The Mind-Skin Connection

Posted in Content Beauty


Here at Content we see lots of people who are frustrated by ongoing skin conditions that they can’t seem to get under control.  Over recent years, a field of medicine called Psychodermatology has emerged that explores the emotional and mental state of those that suffer from chronic skin conditions, with mind matters linked to acne, eczema, urticarial and psoriasis. If you feel as if you tried every lotion, potion and treatment only to find your eczema or acne flare-up again, this approach may offer an additional means of relief.

Ever wondered why you blush from embarrassment or get the chills when thoughts turn bad, or even perspire when nervous? These common physical manifestations of emotions are typical of the complex relationship between our mind, emotions, hormones and our largest organ, the skin.

In 2006 The Harvard Medical School Health Publication featured an article on the Mind, Skin Connection citing ‘…. although cause and effect can be difficult to pin down, considerable data suggests that at least in some people, stress and other psychological factors can activate or worsen certain skin conditions.’

Psychodermatology falls into three broad and overlapping areas.

  • Psychophysiological – where a condition is generally triggered or exacerbated by stress and the emotional state. Conditions such as chronic acne, alopecia, eczema or dermatitis, psoriasis, rosacea and urticaria may have an emotional element linked to their presence.
  • Secondary Psychiatric – where a disfiguring skin condition such as severe acne, psoriasis or vitiligo triggers a range of feelings from humiliation to depression and anxiety, eroding self-esteem.
  • Primary Psychiatric – where a skin condition is actually a result of a psychiatric disorder, such as chronic hair-pulling, body dysmorphic disorder, and self-inflicted damage to the skin. These conditions may require psychotherapy, but are often first noticed by a dermatologist when treatment is sort for damage to the skin or scalp.

Although all variations fall under the ‘mind skin’ relationship the first may be the easiest to understand. One brand that is helping inspire those with sensitive skin and skin conditions to consider the mind skin connection is Pai Skincare. Delving into the science behind skin flare-ups and stress Pai Skincare have enlisted the expertise of London based Dr Alexandra Mizara, a Consultant Counselling Psychologist, working both in the NHS and private sector who specialises in the psychological management and wellbeing of people with psoriasis, acne, alopecia and is a keen advocate of integrating psychological care into ‘skin care’.

With an interest in helping clients to understand the physiological affect the mind has on the body, Dr Mizara cites the stress response and resulting release of cortisol in the body as a main contributor to a compromised immune system, leaving us more susceptible to illness, ‘defects in the neuro-endocrine response to stress, which is the chemical basis of communication between the mind and skin, are implicated in certain skin conditions. Stress causes the release of cortisol, which affects numerous body processes causing significant changes in our immune response and the skin.’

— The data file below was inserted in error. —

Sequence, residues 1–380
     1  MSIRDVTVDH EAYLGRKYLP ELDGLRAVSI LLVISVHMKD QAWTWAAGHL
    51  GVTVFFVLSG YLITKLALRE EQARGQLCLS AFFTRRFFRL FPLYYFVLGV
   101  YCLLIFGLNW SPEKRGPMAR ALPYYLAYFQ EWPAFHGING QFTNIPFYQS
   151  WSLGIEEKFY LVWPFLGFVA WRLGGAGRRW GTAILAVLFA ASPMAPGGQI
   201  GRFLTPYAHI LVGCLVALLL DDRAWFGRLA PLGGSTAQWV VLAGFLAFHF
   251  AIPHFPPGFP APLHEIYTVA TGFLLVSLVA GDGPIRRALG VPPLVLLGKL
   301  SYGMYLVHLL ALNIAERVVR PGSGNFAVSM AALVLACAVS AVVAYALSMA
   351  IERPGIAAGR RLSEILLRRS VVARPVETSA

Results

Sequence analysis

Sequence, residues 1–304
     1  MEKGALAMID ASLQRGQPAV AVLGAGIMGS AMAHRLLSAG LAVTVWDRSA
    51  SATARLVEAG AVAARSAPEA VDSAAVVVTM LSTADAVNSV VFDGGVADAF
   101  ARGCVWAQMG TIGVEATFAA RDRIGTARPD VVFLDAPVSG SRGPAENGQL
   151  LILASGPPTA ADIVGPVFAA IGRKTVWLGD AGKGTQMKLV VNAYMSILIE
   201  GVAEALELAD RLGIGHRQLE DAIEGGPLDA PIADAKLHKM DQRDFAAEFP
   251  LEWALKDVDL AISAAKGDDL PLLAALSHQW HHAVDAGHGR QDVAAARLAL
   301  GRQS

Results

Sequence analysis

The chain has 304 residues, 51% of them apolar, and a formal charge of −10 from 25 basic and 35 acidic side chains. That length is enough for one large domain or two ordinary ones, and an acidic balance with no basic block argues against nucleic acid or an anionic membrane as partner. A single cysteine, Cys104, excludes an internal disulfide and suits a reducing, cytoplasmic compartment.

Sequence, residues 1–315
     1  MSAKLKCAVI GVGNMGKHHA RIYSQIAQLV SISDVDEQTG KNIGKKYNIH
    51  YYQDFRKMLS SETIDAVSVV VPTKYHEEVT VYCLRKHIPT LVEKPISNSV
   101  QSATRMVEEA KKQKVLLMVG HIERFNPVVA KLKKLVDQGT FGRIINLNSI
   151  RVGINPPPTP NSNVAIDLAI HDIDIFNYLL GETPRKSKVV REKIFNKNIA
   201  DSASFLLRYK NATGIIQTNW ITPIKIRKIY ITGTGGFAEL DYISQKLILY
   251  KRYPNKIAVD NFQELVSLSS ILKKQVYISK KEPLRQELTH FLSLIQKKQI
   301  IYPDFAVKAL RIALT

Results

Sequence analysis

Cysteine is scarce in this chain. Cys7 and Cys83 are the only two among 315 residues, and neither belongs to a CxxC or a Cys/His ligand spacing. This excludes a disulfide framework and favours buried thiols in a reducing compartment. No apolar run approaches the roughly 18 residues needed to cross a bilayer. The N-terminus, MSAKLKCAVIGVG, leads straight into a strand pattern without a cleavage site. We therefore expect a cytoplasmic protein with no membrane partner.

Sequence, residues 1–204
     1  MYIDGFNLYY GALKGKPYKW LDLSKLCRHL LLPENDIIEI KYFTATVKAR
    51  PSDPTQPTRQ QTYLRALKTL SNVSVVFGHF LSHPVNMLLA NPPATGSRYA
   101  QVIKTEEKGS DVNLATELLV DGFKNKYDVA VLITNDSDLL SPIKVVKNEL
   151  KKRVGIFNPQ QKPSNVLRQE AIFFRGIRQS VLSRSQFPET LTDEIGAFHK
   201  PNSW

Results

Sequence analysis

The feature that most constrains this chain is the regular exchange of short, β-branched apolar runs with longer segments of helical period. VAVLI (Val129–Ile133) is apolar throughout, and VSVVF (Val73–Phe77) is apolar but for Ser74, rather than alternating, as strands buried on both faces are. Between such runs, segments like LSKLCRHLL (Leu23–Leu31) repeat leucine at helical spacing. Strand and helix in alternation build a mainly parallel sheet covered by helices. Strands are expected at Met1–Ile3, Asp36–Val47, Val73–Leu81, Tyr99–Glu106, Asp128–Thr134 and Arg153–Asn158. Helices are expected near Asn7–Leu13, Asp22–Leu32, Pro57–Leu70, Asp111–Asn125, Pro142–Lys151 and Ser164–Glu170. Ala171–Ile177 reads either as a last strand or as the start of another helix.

This connection is echoed in other forms of medicine. Laura Jones, a Traditional Chinese Medicine practitioner and skin specialist, often looks for emotional triggers such as stress or a distressing event around the time of the skin condition first appearing. ‘When trying to establish the cause of the skin condition, I look at what is happening in the person’s life around the time the condition started to manifest and also in the months leading up to it. I have treated many clients who having been through periods of extreme stress or other emotional trauma such as grief or shock and have suddenly developed a skin condition. My approach to treating these clients tends to be slightly different to treating someone where the cause is due to other factors, such as developing acne when coming off the contraceptive pill.’

So how can you start to understand your mind skin condition? Founder of Pai Skincare Sarah Brown, herself an Urticaria sufferer, suggests keeping a diary. ‘Write down what is happening in your life along with the condition of your skin. If your eczema flares-up when you are about to give a presentation at work or negotiating the sale of your house, it becomes more obvious that it may be linked to stress. Writing it down makes it easy to see if there are patterns forming which link your behaviour and emotional state to the condition of your skin.’

Laura Jones who also teaches meditation, suggests trying relaxation techniques such as breathing exercises, ‘….in Chinese Medicine the Lungs rule the skin. Regular practice of deep breathing exercises can strengthen your Lung function, helping you to let go of any emotions that you are holding on to (ever noticed how you sigh when frustrated, stressed or just plain relieved?) and, from a physiological perspective, that extra oxygen is extremely beneficial to all your tissues, especially the skin.’

Although, Psychodermatology shouldn’t replace your current medical treatment for a skin condition, it is definitely worth considering as part of your treatment and may just provide the missing link that helps you understand and manage flare-ups and ease the distress skin conditions can cause.

If you or a loved one suffers from a skin condition and would like some additional support, check out Changing Faces, a charity for people and families who are living with conditions, marks or scars that affect their appearance.